THE state opening of Parliament was hit by a “censorship” scandal yesterday amid claims that the microphone closest to Dennis Skinner was deliberately turned away from him.
The “beast of Bolsover” has been disrupting the annual pomp and ceremony with cutting one-liners since 1987 and didn’t disappoint fans this year.
As parliamentary security chief Black Rod summoned MPs to the Lords for the Queen’s Speech, Mr Skinner shouted “hands off the BBC” to cheers from the Labour benches.
The quip came a week after Tory Culture Secretary John Whittingdale published controversial proposals for BBC reform which include replacing the independent BBC Trust with a government-appointed board.
The heckle came across loud and clear on TV, but only because MPs in the chamber noticed that the microphone closest to Mr Skinner had been tampered with and told him to use another.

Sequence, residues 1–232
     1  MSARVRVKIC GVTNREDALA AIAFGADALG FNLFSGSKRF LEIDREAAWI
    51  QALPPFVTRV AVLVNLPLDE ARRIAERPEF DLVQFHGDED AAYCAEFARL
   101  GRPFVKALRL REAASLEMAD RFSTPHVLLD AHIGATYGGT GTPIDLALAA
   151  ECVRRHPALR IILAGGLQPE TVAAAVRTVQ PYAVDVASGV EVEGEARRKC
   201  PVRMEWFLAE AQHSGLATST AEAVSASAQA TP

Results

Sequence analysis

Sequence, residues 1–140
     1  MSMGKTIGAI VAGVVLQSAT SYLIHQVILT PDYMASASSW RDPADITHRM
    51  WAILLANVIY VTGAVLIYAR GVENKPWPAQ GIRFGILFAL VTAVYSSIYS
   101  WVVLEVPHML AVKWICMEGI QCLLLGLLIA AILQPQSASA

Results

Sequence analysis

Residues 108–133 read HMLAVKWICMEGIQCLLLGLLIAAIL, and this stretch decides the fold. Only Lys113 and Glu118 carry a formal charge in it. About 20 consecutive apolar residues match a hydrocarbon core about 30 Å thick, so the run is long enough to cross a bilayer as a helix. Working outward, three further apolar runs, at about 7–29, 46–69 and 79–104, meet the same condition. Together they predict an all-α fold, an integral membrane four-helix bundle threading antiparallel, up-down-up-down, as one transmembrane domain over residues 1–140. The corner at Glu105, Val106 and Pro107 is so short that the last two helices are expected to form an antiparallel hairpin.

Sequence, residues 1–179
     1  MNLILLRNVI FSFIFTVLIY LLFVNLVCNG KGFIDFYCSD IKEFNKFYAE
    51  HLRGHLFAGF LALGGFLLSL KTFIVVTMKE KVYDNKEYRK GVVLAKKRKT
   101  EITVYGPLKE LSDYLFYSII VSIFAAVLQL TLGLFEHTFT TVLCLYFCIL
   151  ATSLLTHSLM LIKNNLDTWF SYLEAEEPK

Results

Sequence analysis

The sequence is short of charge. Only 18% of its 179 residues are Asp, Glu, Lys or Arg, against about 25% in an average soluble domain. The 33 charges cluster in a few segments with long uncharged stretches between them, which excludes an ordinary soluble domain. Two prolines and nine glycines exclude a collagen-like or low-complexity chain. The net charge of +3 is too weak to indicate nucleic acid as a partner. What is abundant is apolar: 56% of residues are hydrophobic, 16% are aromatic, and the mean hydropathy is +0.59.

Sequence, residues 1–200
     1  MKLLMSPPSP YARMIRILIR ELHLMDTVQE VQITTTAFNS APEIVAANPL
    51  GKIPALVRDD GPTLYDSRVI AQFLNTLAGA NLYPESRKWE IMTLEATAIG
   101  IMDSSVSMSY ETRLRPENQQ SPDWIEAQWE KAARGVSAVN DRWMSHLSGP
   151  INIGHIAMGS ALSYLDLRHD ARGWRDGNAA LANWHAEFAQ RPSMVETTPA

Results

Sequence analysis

Their suspicions were further raised when Labour MP Mary Creagh attempted to turn it back towards Mr Skinner but found it spun around to face towards the Tory benches.SNP MPs urged Mr Skinner to raise a point of order with the Speaker and another shouted “censorship.”
Labour MP Clive Lewis posted a photo of Mr Skinner and Labour colleague Ian Lavery inspecting the microphone later and said that “technicians in the House of Commons turned the microphone away.”
A Commons spokeswoman told the Star: “The microphone closest to Black Rod was turned towards him so that his announcement could be heard more clearly.
“No other microphones were adjusted and Dennis Skinner’s traditional contribution was heard clearly thanks to the microphone closest to his seat.”